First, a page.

The Art of the [Mint] Cordial

February’s “Recipe from the Archives” inspiration is equal parts: Bourbon cream, a Christmas gift from my future sister-in-law, a desire to host 1950s-styled dinner parties and an obsession with aesthetic.

Generally speaking, what I am talking about are dinner customs. Speaking specifically? I’m talking today about dinner cordials.

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My recently acquired cordial glasses

This past fall my fiancé’s parents turned us on to Buffalo Trace’s Bourbon Cream, which, for anyone who enjoys Bailey’s, this is way better. In fact, I don’t even like Bailey’s, so I was skeptical but as it turns out, it’s nice and not nearly as sweet. Personally, I prefer it as a standalone but mixed with a coffee is a worthwhile try, too.

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The handwritten Mint Cordial recipe from the Miles Family Records, 1849-1940. (MSS. A M643a / 1)

But okay, back to the point. Our bourbon cream was served in these darling little cordial glasses; which in retrospect may have actually made the drink taste that much better. I don’t know about you but the aesthetic of a thing most definitely influences my opinion of its overall greatness—or lack thereof (anyone reading this who knows me are probably rolling their eyes right about now, as they know I’m a little ridiculous…).

Unsurprising then, that when the Christmas season rolled around and I was asked for gift ideas, Etsy-found cordial glasses were most definitely high on my wish list.

With said glasses now in my possession, you can imagine my sense of satisfaction when finding this late 19th- or early 20th-century Mint Cordial recipe within The Filson’s archives.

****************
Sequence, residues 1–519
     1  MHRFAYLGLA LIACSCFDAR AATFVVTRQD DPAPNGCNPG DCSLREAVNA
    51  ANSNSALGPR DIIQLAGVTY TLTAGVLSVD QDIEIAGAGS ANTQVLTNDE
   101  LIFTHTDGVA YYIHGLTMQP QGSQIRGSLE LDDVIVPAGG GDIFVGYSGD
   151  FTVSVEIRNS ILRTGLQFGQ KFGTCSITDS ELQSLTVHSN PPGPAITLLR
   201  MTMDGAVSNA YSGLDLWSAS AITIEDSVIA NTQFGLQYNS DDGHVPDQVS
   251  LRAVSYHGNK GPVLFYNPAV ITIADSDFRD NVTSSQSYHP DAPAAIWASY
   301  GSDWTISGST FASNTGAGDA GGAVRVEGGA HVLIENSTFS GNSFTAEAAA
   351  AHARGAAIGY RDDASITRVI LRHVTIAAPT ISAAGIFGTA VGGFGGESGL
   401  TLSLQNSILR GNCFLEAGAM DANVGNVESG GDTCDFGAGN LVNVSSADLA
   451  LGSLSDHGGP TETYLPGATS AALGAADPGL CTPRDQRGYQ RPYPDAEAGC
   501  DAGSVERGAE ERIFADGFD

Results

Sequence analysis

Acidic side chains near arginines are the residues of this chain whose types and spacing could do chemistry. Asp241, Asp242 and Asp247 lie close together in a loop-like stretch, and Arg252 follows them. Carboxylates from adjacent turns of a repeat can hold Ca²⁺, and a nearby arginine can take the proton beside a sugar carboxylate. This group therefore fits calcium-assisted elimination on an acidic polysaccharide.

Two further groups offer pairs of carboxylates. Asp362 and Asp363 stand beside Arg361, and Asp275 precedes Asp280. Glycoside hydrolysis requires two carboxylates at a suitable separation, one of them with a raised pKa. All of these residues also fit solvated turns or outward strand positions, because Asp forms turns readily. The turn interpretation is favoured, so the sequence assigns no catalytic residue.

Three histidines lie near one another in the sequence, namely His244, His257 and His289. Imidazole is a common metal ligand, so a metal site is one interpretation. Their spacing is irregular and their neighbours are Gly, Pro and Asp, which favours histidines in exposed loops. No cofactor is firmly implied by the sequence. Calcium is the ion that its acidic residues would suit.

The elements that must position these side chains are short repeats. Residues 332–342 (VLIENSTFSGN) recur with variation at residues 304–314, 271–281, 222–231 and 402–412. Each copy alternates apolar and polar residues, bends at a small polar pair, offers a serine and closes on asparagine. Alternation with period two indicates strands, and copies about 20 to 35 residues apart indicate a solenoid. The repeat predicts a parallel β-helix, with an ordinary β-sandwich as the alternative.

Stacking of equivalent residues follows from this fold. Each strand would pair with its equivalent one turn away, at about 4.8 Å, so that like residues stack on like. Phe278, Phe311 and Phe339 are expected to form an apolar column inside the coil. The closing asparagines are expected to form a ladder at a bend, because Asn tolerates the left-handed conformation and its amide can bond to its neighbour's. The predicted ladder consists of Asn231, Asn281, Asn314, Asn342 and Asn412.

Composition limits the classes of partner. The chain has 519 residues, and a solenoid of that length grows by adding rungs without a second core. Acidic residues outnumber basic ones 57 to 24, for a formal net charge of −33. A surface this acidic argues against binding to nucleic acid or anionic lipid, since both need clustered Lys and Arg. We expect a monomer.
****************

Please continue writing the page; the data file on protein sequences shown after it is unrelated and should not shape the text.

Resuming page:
Taken from the Miles Family Records (1849-1940) [MSS. A M643a 1] this simple recipe promises a “good tonic”. Here’s the transcribed recipe:

1/2 gallon good whiskey; every 12 hours put into it a bunch of fresh green mint tied together, removing the previous bunch each time. In 3 or 4 days the liquor will be suffuciently (sic) colored and flavored. Then, sweeten it well with brown sugar. Cook slowly 10 minutes over a moderate fire. Strain and bottle. This is a good tonic.

And if you're wondering what exactly a cordial is, wonder no more: A cordial is just a fancier word for liqueur. (h/t to my co-worker Heather for exploring the difference, if any, between cordials and liqueurs!)

So while I’ve yet to test it out, I'll take the author’s word that it is, indeed, a good tonic.

Stay Tuned! Next month I’ll try to help ward off our winter-weariness with some lard-fried comfort food: Cruellers

Johna Ebling

Johna Ebling is an Associate Curator of Collections and Exhibits Manager. She studied Journalism and English at Ball State University and earned her master’s degree in Library and Information Science from the University of Illinois at Urbana-Champaign. When she isn’t orchestrating an exhibit or engaging in public outreach, Johna is working with the Filson’s architectural holdings. When away from The Filson, Johna enjoys reading, cooking and spending time with her Chihuahua, husband and friends.

One comment for “The Art of the [Mint] Cordial

  1. Anonymous

    Fantastic! Please keep the recipes coming!

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